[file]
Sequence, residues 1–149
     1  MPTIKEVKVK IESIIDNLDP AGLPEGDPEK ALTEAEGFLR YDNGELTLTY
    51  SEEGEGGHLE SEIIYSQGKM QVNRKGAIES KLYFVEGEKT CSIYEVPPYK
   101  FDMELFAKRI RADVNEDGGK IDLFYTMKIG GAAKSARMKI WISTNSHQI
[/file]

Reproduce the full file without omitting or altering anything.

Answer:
Sequence, residues 1–149
     1  MPTIKEVKVK IESIIDNLDP AGLPEGDPEK ALTEAEGFLR YDNGELTLTY
    51  SEEGEGGHLE SEIIYSQGKM QVNRKGAIES KLYFVEGEKT CSIYEVPPYK
   101  FDMELFAKRI RADVNEDGGK IDLFYTMKIG GAAKSARMKI WISTNSHQI